Exploring Portugal’s Mesmerizing Minho Region

Exploring Portugal's Mesmerizing Minho Region

 

Many travelers to Portugal only make it as far north as the lovely—but increasingly touristy—city of Porto. However, continue a bit farther, and you’ll arrive at Portugal’s mesmerizing Minho region. This often overlooked destination is characterized by lush mountains, rolling vineyards, charming towns and sweeping beaches.

 

Viana do Castelo in The Minho Portugal

 

Though our stay in the Minho was short, the spots we did visit were some of our favorite on our entire road trip. In fact, we added one city to our ongoing “I could live here list.” Whether you’re planning a similar road trip through Portugal or you’re just looking for a semi off-the-beaten-track spot for your next European adventure, here are a few things to love about the often overlooked Minho region:

 

Highlights of The Minho, Portugal

From the birthplace of Portugal to the home of Vinho Verde to some of the country’s most verdant landscapes, the Minho region offers a little something for everyone. Here’s a look at our top picks:

Guimarães

 

Guimarães Castle The Minho Portugal

Guimarães Castle Portugal

Castle of Guimarães, Portugal

 

Considered the birthplace of Portugal, it was here that revered King D Alfonso Henriques was born and later declared Portugal’s independence. Visit the medieval Castle of Guimarães to see Alfonso’s birthplace, also the site of many key battles in Portugal’s early history.

 

Main Square Guimarães Portugal UNESCO World Heritage Site

 

While you’re there, you won’t want to miss the Historic Center of Guimarães, a UNESCO World Heritage Site revered for its beauty and preservation. We recommend grabbing lunch amongst the gothic buildings in the lovely Largo da Oliveira, then taking the time to amble through the many winding alleyways.

 

Largo da Oliveira, Guimarães, Portugal

 

Guimarães is a favorite day trip from Porto, so if you want to experience the city without the tour groups, it’s well worth spending a night. Alternatively, visit later in the day when many groups are gearing to return to Porto.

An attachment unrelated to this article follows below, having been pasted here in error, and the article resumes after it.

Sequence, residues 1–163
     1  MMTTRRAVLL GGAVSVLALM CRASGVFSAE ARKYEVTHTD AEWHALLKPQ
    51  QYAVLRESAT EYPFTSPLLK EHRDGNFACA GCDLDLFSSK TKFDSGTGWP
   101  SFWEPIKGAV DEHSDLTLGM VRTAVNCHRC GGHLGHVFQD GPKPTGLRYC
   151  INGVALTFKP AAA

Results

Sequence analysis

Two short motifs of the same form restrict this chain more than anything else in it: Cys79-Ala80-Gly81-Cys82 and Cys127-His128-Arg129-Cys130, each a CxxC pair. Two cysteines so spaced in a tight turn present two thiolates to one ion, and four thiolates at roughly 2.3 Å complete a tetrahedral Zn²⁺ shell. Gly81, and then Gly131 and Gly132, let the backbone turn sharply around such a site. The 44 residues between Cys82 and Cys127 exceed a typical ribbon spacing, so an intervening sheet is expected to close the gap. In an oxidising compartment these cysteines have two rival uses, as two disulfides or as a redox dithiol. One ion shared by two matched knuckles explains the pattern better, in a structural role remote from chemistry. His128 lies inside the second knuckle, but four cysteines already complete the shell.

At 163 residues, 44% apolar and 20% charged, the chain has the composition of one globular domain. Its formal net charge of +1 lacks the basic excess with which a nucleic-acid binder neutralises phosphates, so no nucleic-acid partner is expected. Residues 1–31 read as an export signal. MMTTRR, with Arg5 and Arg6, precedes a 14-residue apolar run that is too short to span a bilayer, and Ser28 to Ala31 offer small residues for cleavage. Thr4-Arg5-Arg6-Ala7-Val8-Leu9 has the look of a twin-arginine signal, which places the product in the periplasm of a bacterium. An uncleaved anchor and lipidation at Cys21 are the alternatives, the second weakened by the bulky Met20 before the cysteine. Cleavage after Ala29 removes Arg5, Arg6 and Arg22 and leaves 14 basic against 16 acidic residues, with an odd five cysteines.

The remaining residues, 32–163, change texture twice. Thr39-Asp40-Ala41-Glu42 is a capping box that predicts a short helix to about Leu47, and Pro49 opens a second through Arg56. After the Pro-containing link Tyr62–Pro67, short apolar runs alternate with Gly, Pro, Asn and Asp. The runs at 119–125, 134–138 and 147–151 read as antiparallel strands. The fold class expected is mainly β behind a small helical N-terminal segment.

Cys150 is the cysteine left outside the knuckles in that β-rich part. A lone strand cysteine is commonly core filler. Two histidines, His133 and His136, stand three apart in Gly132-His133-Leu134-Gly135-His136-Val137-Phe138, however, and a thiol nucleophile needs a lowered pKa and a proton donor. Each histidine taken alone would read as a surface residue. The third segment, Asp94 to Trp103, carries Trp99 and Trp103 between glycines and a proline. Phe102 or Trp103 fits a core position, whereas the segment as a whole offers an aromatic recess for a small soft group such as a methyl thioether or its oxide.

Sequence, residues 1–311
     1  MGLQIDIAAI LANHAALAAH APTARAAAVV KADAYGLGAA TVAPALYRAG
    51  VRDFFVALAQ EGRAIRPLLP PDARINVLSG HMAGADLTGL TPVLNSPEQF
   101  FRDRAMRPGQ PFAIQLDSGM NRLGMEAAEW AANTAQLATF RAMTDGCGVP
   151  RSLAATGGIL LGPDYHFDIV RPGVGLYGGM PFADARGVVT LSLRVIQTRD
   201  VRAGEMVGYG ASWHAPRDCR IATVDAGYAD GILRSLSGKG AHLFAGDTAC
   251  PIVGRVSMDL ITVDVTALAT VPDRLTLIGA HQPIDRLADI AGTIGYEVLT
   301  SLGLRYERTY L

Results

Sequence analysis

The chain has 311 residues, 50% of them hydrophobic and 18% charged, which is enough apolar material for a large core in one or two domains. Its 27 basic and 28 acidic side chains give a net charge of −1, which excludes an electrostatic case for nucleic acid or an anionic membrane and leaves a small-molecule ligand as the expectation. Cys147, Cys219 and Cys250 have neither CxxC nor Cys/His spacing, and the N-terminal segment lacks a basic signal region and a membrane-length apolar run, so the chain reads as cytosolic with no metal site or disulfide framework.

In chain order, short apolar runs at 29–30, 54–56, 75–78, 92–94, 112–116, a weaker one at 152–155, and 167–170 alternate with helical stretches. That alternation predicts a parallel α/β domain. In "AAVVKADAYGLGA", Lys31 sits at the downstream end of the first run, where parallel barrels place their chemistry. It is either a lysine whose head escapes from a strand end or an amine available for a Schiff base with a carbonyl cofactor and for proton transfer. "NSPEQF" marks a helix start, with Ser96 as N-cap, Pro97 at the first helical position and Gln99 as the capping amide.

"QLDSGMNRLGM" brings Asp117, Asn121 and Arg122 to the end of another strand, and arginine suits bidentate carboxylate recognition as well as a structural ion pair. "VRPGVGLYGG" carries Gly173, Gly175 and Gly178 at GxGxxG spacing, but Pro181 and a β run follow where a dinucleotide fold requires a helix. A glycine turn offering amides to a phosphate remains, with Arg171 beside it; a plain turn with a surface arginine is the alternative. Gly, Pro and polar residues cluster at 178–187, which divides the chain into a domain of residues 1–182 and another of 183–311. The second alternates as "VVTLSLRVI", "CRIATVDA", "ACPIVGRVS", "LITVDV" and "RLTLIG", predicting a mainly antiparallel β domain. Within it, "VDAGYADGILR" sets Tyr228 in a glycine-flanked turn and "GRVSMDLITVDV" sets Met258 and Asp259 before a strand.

Viana do Castelo

 

Viana do Castelo in The Minho Portugal

 

If we were going to move to Portugal, Viana do Castelo would be high on our list of cities to consider. We immediately fell in love with the lovely town, in large part because of its flower-lined walkways, proximity to good surfing, and few fellow tourists.

 

View from Santa Lucia in Viana do Castelo in The Minho Portugal

Streets of Viana do Castelo Portugal

 

We initially added Viana do Castelo to our itinerary as we wanted the iconic photo of Santa Luzia perched on a hill, with sweeping views of the coastline. (Note that you need a drone to get this picture.) Unfortunately, the Basilica was undergoing construction and covered in scaffolding, which meant we weren’t quite able to achieve the photo we wanted.

 

Santa Luzia, Viana do Castelo, Portugal

 

Luckily, Viana do Castelo surprised us with its charm and beauty, so we were hardly disappointed with our choice to visit. The Igreja da Misericórdia is particularly breathtaking, with remarkable Portuguese azulejo panels.
Igreja da Misericórdia Azulejo Panels

 

After wandering the city and taking in the views from Santa Luzia (which was deemed by National Geographic to have one of the most beautiful panoramic views in the world), head to the nearby Cabedelo Beach.

 

Cabedelo Beach Outside Viana do Castelo Portugal

 

The quiet, golden sand beach itself isn’t the most amazing we’ve seen (we do live in Costa Rica, mind you), but it’s a great spot for surfing when the conditions are right! If you have the time, there are many other picturesque beaches in this area, named the Costa Verde.

 

Ponte de Lima

 

Ponte de Lima, Portugal